By Rami Mansi
With paper-thin Victoria’s Secret models being the figure of the decade, and every celebrity finding their own gay best friend (“GBF”) of the week, the 2000s were known for iconic pop culture moments and even more iconic fashion statements. Wearing business casual to the club with statement necklaces and foundation on your lips was the energy that delusion and fashion needed to thrive in the 2000s. This creates a struggle for Gen Z, as now we need to combat the ever-aching dilemma of loss of creativity.
Known for our sarcasm and constant chase for nostalgia, Gen Z is obsessed with the 2000s era of fashion. With pleated skirt looks of the “Gossip Girl” set to the messy looks of “Jersey Shore,” the beloved Y2K is making its way back into current fashion trends.
Fashion trends constantly fluctuate, and the switch from the 2000s to present-day fashion is a phenomenon that begs the question: why does Gen Z constantly go back to the 2000s in search of new looks? Are we struck for creativity or just too infatuated with the fantasized 2000s?
The phenomenon is explained by the 20-year cycle. As defined by A Magazine, trends that were popular 20 years ago tend to come back with a modern edge added. This is seen with the 2000s taking heavy influence from the 80s, the 80s being into the 60s, and so forth. The next decade always uses the past decade as its foundation, and that doesn’t change for the 2020s.
With 2023 being defined by constant reflections of the past, it is a defining year of the 20-year cycle seen through newer trends like baggy clothes and weird clothing combinations that shouldn’t work but end up working perfectly.
Take over-layering your clothes. Get your favorite dress, put some denim jeans on, with a beret and ballet flats, and you have the perfect 2000s recreation. What was then a fashion statement is now an outfit to wear ironically to a themed party. However, this doesn’t stop people from still paying respects to the brave fashionistas that were 2000s “it girls!”
These trends create constant references to the past in our media in the act of paying homage. We see this in homage pieces like Ariana Grande’s music video for her hit single “Thank U, Next,” with references to popular 2000s movies like “Mean Girls,” “Clueless,” and “13 Going On 30.”
Another example of a clean-cut reference would be Iggy Azalea’s “Fancy” in which both the song and music video are taken after the 1995 bubblegum classic, “Clueless,” with outfits, the high school setting, and the iconic “Ugh! As if!” line being recreated, as well. The homage is done with respect being paid to the original and a clear intention of wanting to make the audience recognize the reference.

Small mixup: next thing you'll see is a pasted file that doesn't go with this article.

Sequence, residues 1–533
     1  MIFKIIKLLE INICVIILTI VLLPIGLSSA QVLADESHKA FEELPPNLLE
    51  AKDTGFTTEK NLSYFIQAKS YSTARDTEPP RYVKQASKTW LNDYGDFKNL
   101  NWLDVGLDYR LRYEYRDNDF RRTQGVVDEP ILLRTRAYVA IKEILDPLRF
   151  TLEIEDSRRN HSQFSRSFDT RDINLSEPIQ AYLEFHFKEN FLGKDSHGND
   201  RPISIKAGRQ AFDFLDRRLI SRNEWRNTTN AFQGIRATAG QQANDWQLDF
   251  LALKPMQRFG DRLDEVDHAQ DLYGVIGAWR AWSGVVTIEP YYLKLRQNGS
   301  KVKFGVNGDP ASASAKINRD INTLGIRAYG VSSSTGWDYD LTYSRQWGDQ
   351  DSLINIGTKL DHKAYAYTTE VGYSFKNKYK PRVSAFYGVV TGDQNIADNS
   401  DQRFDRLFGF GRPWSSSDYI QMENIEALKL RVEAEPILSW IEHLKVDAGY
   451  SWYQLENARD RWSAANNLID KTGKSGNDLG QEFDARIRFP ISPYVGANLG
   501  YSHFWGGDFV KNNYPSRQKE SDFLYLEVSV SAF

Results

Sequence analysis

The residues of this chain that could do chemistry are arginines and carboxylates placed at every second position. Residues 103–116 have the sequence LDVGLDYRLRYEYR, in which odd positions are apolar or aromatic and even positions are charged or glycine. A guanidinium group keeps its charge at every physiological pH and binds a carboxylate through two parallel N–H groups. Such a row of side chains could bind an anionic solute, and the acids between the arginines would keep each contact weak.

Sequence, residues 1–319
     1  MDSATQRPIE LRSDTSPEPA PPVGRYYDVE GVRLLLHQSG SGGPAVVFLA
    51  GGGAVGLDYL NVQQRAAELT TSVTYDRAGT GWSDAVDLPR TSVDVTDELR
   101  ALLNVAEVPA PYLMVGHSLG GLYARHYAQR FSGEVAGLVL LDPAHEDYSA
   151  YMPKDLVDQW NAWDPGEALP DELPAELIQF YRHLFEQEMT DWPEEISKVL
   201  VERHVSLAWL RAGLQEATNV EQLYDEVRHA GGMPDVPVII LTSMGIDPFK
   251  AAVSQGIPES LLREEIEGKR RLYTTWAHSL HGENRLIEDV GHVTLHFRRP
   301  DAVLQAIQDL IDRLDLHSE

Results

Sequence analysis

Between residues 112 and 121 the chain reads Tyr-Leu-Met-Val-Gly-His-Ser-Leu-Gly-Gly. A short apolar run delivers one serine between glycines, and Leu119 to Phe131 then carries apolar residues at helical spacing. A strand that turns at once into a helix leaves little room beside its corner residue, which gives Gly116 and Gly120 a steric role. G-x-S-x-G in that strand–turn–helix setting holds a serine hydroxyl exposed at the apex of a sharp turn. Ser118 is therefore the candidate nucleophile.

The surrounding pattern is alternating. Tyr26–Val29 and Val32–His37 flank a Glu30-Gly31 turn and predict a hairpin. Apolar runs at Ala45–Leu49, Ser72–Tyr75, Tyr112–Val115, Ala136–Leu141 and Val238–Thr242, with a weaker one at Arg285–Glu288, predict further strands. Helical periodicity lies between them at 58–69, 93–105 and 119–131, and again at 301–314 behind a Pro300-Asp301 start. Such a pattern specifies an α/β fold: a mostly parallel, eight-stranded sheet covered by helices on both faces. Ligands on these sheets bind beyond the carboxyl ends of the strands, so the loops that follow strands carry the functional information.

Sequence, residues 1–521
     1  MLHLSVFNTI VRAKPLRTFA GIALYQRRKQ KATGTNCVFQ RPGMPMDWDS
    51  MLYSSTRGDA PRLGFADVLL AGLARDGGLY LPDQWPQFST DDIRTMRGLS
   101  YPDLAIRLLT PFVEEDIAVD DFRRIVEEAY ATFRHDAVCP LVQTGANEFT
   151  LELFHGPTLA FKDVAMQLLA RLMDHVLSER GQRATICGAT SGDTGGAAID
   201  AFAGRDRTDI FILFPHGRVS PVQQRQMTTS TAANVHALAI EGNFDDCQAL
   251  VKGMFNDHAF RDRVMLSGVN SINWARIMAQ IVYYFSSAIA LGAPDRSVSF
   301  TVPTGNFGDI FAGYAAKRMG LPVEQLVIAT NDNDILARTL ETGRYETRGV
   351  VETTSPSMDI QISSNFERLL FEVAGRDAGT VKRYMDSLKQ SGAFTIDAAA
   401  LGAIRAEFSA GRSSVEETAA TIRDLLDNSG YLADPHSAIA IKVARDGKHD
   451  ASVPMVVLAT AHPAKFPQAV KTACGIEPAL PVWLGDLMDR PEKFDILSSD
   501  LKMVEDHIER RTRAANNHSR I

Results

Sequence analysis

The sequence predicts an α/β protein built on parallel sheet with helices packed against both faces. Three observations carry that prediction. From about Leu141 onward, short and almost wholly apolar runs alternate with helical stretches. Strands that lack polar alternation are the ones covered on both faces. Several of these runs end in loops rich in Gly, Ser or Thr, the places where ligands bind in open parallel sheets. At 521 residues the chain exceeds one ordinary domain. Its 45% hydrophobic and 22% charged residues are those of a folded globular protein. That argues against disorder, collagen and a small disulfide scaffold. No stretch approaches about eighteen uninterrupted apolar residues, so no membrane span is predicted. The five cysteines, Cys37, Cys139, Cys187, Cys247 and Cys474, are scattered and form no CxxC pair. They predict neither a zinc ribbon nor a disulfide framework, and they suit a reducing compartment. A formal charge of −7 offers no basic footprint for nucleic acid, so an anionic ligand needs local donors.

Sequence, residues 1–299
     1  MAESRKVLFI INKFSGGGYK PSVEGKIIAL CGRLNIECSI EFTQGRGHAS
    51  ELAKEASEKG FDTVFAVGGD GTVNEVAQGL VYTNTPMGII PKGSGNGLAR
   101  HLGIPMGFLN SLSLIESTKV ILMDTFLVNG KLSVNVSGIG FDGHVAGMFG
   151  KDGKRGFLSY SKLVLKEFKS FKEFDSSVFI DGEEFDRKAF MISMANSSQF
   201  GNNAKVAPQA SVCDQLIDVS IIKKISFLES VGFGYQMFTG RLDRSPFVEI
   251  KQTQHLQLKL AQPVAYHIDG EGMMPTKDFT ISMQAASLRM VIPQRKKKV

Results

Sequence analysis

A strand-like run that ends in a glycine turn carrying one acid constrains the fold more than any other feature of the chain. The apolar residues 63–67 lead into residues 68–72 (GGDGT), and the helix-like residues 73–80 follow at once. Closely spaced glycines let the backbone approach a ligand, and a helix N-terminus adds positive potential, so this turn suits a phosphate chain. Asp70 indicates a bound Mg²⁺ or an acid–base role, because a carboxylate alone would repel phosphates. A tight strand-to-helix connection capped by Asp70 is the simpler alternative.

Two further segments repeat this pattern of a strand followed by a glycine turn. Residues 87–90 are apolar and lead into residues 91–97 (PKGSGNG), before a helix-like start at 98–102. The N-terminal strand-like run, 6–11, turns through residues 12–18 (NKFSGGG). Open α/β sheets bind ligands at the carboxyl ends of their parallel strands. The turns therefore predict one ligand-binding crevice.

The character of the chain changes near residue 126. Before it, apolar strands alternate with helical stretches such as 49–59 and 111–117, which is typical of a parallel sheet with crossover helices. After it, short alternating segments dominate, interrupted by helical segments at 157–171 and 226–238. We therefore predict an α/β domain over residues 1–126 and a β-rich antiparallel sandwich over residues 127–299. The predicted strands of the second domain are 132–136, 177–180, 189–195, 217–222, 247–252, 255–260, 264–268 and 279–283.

Gen Z is in an era where originality is faltering and original ideas are hard to come by (and have been for a while). It’s been new trends that start the new age of thinking through the decades, but if our trends come from the past then most of our ideas will just be revamps of older trends. We simply get a reference and work off that and although it might work in the moment, it creates a sense of short-term victories.
That is why we are consistently looking back on the 2000s; the nostalgic era of new ideas being brought to the table excites us. Gen Z might be striving for originality, but what we lack in that department, we make up for in resourcefulness. We grab these ideas and mix them with our unique imagination raised by quick-witted TeenNick characters, “High School Musical,” and savvy “Wizards of Waverly Place” protagonist, Alex Russo.
This mentality of grabbing those moments and redoing them conveys the idea of just how much we rely on moments in 2000s history and how mainstream media relies on recreating older moments. Gen Z is a powerful generation, but fashion trend fluctuation is just as powerful.
However, Gen Z has their moments of brilliance and revolutions in modern-day fashion. With a keen eye for sustainability, inclusivity, and individual expression, Gen Z is slowly reshaping the industry with lasting, positive impacts. Their embrace of diversity, disparate cultural influences, and a commitment to being eco-conscious are not just trends; they’re movements toward a more inclusive and responsible pop-cultural landscape.